I don't even know where to start with. Collated, edited and published in just over a year or so - and act of complete madness when you see the amount of material inside - John Szpunar's epochal, definitive tome on horror movie zines, and their writers, is an incredible accomplishment from start to finish.
John knows his material, and loves it unreservedly. His passion and knowledge shine through in every funny, weird, demented, fascinating interview with writers and weirdos from America, Australia, England, Scotland, etc. - basically anywhere on the planet where people loved horror movies in the long-gone dazed days before the internet, and set about producing sick, funny, weird, disturbing, rude, crude, erudite horror zines retching their material up from the gutters and cracked psyches of obsessive horror film buffs.
Anybody who loves horror/splatter/weirdo/cult movies will love this book. It's by turns hilarious, poignant, informative, strange, slightly creepy (a couple of the personalities showcased are pretty odd), illuminating...and always fascinating. Some of the lengths some of the interviewees went to in the book, more especially in the UK, to see and write about their fave fearstorm flickershows, almost beggars belief. These guys were passionate as hell about their esoteric cinematic obsessions, and wanted to communicate about them in as direct and uncensored a way as possible. And they did.
If you are a horror fan, buy this book. If you like horror writing, buy this book. If you like extremely entertaining insights into weird and wonderful misfit personalities, buy this book. If you want to help John buy Christmas presents this year, buy this book. If you hate horror films, buy this book, shred it, and feel morally superior. But BUY IT ALREADY. You truly won't be sorry you did, because NOTHING on this scale (and this work is as much sociology and anthropology as it is entertainment) about this subject matter has ever been attempted, and nothing ever will again. THIS IS IT. END OF THE LINE. Nowhere to go from here; the job's been done, and done well, in a totally fitting and excellent zine-print aesthetic at that.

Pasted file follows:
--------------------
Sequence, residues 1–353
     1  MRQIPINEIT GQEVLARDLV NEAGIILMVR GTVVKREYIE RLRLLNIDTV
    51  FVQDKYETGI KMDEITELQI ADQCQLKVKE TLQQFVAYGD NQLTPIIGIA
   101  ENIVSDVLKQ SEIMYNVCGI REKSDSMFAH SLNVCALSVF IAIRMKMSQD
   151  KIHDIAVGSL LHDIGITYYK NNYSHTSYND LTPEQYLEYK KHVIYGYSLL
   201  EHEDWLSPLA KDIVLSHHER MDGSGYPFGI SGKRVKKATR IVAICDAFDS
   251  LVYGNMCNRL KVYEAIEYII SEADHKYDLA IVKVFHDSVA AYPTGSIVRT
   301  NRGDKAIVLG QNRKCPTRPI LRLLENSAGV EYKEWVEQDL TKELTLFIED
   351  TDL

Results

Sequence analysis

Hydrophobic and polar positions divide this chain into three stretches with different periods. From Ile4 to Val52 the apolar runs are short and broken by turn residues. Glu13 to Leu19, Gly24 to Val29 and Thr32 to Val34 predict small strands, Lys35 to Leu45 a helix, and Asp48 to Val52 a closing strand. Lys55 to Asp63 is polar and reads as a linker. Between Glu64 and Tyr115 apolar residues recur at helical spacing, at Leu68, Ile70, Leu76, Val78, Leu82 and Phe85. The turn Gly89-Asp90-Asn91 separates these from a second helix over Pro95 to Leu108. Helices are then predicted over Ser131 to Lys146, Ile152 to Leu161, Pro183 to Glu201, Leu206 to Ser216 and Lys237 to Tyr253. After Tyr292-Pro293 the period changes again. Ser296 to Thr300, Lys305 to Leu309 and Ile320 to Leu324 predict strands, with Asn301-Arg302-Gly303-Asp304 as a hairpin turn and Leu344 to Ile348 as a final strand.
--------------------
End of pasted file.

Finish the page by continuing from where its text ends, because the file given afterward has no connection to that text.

John Szpunar, take a bow. This is a truly stunning accomplishment. Salute.
Genre fans will not be disappointed! Just remember that this incredibly comprehensive volume is mainly interviews with some of the great scenesters from the halcyon days of horror fanzines, rather than reviews of the films themselves. I loved Gore Score, Fangoria, Little Shoppe of Horrors, Deep Red and all the other, increasingly obscure mags from that era, so this is a great nostalgia for me; there was a thriving scene here in the UK, thanks to the'Video Nasties' controversy, and this is a loving trip down memory lane...although that lane is littered with corpses... A definitive look at an influential era, I highly recommend this incredible 800 page volume, which leaves no stone unturned.
Okay - downside, this is a 'compact' volume, which I assume is due to costs - it would be preferable in a slightly larger format; The small scale makes some of the included graphics difficult to appreciate - but even so...get it!
'Samhain'; 'Bleeder's Digest'; 'Shock Xpress; 'Deep Red'; 'Whiplash Smile'; 'The Imagination Explosion'. Mainstays of my youth . Backed up by 'Cinefantastique' and 'Fangoria'. Anyone whom read them in the eighties will be transported back in time to a decade where 'video nasties' were as banned as sought after. Where the VRA took the fun out of going to video stores. And where the shelves of 'Forbidden Planet' were burdened under the weight of fanzines vying for readers' attention. Indispensible.
Barrel Entertainment's John Szpunar interviews around fifty of the most interesting and influential figures of the DIY horror fanzine scene of the 80s and 90s. David Kerekes also contribes a few fascinating discussions. This is 800 pages of fully-illustrated awesomeness, and is tonnes better than that Bleeding Skull nonsense.